The United Nations Office on Drugs and Crime (UNODC) expressed the institution's concern with the need to strengthen national protection systems for whistleblowers. See the text at

In Brazil, the Federal Constitution of 1988 inserted, in its Article 5, item XIV, the secrecy of the source among the fundamental rights and guarantees.

  1. Cf. Rafa de Miguel, in El País, in
  2. The letter is available at
  3. Additional details are self-defined on the organization page under
  4. The video is available at
  5. The files are in
  6. Um briefing of Amnesty International (AI), with the reproduction of the printed and unabridged version of the English original is at A synoptic version was republished by The Guardian in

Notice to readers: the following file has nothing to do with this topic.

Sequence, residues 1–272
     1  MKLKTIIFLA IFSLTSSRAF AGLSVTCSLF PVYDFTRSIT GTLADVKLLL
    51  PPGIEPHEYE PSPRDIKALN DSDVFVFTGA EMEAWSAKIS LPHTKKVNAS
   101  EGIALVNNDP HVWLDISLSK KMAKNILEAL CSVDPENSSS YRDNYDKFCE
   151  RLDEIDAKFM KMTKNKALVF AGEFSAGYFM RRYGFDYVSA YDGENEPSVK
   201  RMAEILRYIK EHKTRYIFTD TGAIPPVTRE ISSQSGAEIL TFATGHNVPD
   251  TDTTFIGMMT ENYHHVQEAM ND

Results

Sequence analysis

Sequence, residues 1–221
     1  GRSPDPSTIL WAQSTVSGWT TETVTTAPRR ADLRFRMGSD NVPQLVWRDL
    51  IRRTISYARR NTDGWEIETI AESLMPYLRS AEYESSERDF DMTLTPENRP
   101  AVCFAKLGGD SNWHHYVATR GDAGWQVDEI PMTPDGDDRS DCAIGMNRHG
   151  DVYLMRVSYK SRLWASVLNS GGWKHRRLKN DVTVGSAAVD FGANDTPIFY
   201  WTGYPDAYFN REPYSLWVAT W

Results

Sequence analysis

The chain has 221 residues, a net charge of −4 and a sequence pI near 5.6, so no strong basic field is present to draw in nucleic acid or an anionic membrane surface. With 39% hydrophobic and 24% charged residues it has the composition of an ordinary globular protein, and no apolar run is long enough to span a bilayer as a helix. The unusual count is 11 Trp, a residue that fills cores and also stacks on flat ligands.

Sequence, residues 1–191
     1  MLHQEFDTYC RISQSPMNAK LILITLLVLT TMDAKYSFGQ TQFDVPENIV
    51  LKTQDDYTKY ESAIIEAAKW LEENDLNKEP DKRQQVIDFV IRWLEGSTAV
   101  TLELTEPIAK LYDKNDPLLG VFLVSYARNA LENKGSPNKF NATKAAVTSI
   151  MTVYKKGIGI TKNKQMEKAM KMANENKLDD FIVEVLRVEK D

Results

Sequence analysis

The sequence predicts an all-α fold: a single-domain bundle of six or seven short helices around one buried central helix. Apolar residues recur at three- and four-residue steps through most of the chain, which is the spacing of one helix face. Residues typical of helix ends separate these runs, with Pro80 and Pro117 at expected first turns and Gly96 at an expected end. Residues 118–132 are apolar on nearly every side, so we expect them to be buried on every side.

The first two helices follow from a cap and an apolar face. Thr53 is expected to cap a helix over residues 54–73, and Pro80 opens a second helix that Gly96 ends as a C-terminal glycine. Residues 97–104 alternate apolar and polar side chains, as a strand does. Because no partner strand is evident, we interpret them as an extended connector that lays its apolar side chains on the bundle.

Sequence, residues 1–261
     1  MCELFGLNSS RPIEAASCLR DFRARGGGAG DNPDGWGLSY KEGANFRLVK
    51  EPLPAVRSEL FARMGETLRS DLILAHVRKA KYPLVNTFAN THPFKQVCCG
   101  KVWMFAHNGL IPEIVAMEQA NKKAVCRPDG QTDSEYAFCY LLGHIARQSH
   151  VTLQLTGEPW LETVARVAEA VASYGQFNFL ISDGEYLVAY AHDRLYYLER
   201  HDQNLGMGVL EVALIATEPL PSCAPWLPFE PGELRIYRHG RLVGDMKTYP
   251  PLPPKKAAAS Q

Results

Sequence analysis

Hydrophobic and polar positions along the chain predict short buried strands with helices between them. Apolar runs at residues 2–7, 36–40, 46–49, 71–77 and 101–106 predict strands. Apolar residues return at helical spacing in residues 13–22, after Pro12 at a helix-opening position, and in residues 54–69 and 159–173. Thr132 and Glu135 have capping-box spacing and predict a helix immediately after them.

The historicization of the article, evoking Benenson's motivations and the creation of AI, was done by Christie Miedema, in Miedema is a historian and human rights activist linked to the Clean Clothes Campaign, a global organization based in the Netherlands dedicated to defending the rights of workers in the fashion and sportswear industry.

  1. See AI's 2021 and 2020 global reports at e Previous reports are listed at
  2. See, by the way, the declaration of the WikiLeaks on World Press Freedom Day 2019 in The organization honors more than 250 journalists imprisoned simply for doing their job.
  3. See the website do WikiLeaksOn The leaks are classified into six folders: intelligence, global economy, international politics, corporation, government, war, and military.
  4. A historicization of the case was made by the G1On
  5. Information available on the organization's page at
  6. Cf. noticed Yahoo! NewsOn
  7. Articles by José María Irujo for the The country contextualize the facts,, e
  8. Compare the news The country of 2017, in, with that of Brasiliense Mail of 2019, in,807696/suecia-arquiva-caso-de-assange.shtml.
  9. Cf. report from G1On